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on 23 May 2012
American screenwriter and director Jeff Nichols second feature film which he wrote, premiered at the 27th Sundance Film Festival in 2011, was shot on location in Grafton, LaGrange and Elyria, Ohio in USA and is an American production which was produced by producers Tyler Davidson and Sophia Lin. It tells the story about 35-year-old Curtis LaForche who lives in a small town in Ohio with his wife Samantha and their adolescent daughter Hannah who is learning sign languages due to her inability to speak. The family is doing fine, but all of the sudden Curtis begins to experience apocalyptic visions and bad dreams. Knowing that his mother was diagnosed with Schizophrenia when he was ten years old, Curtis decides not to tell anyone about the things that are happening to him, but as the visions and dreams increases his personality changes and he becomes so convinced that something bad is going to happen where he lives that he begins to build a tornado shelter.

Finely and engagingly directed by second-time American filmmaker Jeff Nichols, this finely paced fictional tale which is narrated mostly from the protagonist`s point of view, draws a gripping portrayal of an ordinary man who is so certain that his town is going to be struck by a disaster that he becomes detached from his family. While notable for its naturalistic milieu depictions, fine cinematography by cinematographer Adam Stone and efficient use of sound, this character-driven, humane, atmospheric and foreboding mystery depicts an incisive study of character and a compassionate love-story.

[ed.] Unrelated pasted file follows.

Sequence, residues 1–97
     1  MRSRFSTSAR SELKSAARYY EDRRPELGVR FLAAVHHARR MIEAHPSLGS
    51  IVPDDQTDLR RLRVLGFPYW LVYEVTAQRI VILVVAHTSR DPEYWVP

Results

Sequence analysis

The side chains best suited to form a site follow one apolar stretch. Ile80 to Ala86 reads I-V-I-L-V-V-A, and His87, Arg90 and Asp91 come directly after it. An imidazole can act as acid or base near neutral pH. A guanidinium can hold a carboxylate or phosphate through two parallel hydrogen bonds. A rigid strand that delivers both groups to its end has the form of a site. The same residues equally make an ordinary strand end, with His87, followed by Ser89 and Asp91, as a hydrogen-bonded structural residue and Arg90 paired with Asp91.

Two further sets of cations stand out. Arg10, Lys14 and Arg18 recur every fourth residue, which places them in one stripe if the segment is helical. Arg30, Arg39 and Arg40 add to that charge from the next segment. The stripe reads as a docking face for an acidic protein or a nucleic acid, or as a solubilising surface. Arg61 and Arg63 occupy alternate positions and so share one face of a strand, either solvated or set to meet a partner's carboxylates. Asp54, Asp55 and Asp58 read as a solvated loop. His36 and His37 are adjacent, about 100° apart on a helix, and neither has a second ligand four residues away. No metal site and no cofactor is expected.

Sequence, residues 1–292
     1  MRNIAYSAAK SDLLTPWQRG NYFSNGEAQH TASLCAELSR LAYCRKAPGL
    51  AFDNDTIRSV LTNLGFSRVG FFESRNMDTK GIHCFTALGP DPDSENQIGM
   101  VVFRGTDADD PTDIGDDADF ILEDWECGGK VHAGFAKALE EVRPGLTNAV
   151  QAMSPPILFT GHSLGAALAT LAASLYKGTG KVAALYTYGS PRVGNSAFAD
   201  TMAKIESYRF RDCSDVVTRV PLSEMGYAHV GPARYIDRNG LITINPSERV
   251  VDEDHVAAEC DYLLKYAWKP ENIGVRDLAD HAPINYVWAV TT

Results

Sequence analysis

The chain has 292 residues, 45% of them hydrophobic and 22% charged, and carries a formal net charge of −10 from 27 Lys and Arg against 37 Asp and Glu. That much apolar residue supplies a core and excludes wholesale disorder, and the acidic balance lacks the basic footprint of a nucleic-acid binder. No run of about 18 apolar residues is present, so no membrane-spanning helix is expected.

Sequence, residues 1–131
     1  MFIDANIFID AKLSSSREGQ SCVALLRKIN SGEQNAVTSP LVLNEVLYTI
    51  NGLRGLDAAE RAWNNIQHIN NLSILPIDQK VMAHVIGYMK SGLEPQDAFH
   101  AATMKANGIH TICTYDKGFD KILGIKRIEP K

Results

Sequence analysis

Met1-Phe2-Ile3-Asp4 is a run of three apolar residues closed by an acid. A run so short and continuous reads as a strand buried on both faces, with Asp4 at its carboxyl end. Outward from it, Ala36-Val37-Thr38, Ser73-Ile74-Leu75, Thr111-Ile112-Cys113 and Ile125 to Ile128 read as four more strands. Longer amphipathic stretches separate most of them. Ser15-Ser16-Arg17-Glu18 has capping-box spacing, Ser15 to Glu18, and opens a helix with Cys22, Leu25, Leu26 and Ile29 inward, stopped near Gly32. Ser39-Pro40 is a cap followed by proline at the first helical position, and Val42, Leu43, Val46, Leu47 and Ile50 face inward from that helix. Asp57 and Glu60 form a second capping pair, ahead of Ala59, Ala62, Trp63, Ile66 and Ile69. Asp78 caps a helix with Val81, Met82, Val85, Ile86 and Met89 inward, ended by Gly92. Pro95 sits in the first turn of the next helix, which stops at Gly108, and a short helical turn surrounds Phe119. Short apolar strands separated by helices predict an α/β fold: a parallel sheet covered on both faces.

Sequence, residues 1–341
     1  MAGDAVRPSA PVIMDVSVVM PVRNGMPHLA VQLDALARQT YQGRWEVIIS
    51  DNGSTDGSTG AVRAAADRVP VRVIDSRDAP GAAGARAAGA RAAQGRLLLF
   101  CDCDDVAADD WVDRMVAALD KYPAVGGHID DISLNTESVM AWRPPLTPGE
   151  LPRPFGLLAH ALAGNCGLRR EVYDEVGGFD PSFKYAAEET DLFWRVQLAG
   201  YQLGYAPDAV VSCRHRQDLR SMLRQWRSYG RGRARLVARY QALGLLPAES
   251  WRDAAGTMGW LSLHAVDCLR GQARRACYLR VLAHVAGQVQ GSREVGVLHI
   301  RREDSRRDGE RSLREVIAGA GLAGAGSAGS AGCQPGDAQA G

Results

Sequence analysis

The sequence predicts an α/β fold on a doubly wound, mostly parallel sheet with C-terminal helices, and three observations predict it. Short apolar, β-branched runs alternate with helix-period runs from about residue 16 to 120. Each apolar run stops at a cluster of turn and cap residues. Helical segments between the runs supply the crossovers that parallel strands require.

This invariably intriguing and cogently narrated psychological drama about a man`s unsettling premonitions and the way they affect his personality and his relations with other people, is impelled and reinforced by its commendable and involving acting performances by American actor Michael Shannon, American actress Jessica Chastain and the fine supporting acting performances by American actor Shia Whigham and Tova Stewart in her debut feature film role. A compelling and mindful independent film which gained, among numerous other awards, the International Critics` Week Grand Prix, the Prix SACD and the FIPRESCI Prize in the Directors' Fortnight section at the 64th Cannes Film Festival in 2011.
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on 18 April 2017
The jewel of my year so far in films.

I wasn't sure what to expect after reading reviews and even if I would enjoy it or make it through the film, but I was wrong, so wrong. It is utterly spell binding and a emotional roller coaster with an edge of ' what is coming next '. The acting was fantastic, the filming and the story was excellent. It may not be a new film but its the best film I have sat down to watch in 2017 so far.
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on 31 July 2017